SUMMARY PARAGRAPH for ALG9
During N-linked glycosylation of proteins, oligosaccharide chains are assembled on the carrier molecule dolichyl pyrophosphate in the following order: 2 molecules of N-acetylglucosamine (GlcNAc), 9 molecules of mannose, and 3 molecules of glucose. These 14-residue oligosaccharide cores are then transferred to asparagine residues on nascent polypeptide chains in the endoplasmic reticulum (ER). As proteins progress through the Golgi apparatus, the oligosaccharide cores are modified by trimming and extension to generate a diverse array of glycosylated proteins (reviewed in 5, 6).
Alg9p, which is an alpha 1,2 mannosyltransferase, catalyzes two steps in lipid-linked oligosaccharide (LLO) assembly: the addition of the seventh and ninth mannose moieties to the growing oligosaccharide (1, 2) in the lumen of the endoplasmic reticulum. The sixth and eighth mannose moieties are added by Alg3p and Alg12p, respectively. Disruption of ALG9 causes accumulation of lipid-linked oligosaccharides with six mannose residues and hypoglycosylation of secreted proteins (1).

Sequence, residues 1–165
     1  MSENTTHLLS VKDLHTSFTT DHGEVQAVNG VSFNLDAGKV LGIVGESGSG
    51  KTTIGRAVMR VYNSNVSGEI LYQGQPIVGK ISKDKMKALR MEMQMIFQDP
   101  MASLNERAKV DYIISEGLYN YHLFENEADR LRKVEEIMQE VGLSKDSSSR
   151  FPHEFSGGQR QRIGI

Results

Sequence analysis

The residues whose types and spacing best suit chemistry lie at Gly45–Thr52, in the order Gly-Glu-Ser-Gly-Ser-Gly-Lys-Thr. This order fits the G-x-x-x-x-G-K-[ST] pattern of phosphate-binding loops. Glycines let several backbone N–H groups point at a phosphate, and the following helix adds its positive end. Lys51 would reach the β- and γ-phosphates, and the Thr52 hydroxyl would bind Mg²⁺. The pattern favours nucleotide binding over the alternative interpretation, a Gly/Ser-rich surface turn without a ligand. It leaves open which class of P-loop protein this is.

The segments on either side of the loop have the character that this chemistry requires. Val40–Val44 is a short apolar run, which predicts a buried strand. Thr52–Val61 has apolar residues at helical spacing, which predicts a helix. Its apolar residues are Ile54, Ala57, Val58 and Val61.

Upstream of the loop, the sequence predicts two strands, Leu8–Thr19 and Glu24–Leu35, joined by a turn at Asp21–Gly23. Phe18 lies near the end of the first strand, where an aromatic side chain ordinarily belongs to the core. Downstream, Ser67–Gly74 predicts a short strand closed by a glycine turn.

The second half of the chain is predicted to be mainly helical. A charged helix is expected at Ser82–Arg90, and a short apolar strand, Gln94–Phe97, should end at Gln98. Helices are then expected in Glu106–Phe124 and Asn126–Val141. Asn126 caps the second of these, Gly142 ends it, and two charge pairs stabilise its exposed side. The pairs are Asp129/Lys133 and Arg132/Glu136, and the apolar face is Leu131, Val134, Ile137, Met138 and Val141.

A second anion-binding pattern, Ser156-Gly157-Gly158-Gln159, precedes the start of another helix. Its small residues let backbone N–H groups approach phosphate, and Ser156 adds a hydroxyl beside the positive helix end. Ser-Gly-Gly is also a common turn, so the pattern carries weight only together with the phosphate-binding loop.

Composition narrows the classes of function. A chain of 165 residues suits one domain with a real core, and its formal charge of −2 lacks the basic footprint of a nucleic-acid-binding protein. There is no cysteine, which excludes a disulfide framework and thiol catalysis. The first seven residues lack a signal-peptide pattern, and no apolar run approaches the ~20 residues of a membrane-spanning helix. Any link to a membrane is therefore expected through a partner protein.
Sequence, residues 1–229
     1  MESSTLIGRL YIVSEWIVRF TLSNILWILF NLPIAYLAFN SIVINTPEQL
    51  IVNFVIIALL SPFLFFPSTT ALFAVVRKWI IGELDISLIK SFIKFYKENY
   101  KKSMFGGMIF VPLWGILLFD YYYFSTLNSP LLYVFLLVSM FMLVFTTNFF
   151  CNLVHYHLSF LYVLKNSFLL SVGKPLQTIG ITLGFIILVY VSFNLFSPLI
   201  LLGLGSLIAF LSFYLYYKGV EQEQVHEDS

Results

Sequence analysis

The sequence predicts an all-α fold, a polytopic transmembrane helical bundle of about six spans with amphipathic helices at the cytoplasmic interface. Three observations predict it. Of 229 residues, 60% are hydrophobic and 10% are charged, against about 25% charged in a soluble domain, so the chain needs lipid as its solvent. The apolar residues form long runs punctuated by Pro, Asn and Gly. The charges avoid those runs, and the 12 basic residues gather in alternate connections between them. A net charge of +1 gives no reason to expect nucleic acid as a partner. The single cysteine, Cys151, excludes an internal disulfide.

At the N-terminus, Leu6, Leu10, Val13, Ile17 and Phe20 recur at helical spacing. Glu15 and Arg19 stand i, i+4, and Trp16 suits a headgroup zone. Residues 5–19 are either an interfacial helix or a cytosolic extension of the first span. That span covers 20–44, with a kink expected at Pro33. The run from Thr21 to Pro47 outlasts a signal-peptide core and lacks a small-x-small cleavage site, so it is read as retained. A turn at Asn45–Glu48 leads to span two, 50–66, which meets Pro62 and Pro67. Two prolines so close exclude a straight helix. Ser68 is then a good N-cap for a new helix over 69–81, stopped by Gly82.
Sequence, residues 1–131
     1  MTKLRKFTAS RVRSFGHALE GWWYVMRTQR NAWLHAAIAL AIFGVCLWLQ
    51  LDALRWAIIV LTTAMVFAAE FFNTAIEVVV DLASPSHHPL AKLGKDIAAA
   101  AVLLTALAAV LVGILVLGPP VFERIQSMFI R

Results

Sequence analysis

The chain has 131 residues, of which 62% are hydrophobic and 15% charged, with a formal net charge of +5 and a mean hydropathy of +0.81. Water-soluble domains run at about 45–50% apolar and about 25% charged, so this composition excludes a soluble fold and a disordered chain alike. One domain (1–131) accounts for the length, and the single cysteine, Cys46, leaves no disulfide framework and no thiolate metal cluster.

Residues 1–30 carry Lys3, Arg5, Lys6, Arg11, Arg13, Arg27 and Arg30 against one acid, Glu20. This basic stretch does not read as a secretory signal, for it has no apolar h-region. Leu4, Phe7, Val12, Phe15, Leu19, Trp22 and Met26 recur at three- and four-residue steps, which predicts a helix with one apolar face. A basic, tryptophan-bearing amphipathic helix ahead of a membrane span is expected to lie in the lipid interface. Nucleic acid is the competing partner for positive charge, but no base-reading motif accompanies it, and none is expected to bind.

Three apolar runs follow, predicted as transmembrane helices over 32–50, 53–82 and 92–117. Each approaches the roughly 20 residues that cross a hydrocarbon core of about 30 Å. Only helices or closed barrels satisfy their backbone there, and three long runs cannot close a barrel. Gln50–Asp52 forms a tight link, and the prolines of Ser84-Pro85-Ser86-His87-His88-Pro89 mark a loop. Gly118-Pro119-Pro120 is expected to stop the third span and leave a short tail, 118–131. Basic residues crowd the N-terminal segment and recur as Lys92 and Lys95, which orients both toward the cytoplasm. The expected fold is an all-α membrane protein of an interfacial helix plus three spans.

Human ALG9 (OMIM) cDNA complements the deletion of yeast ALG9 in a delta-alg9 wbp1-2 background (2) and has been found to be mutated in the congenital disorder of glycosylation CDG-1L (OMIM).
Last updated: 2005-07-12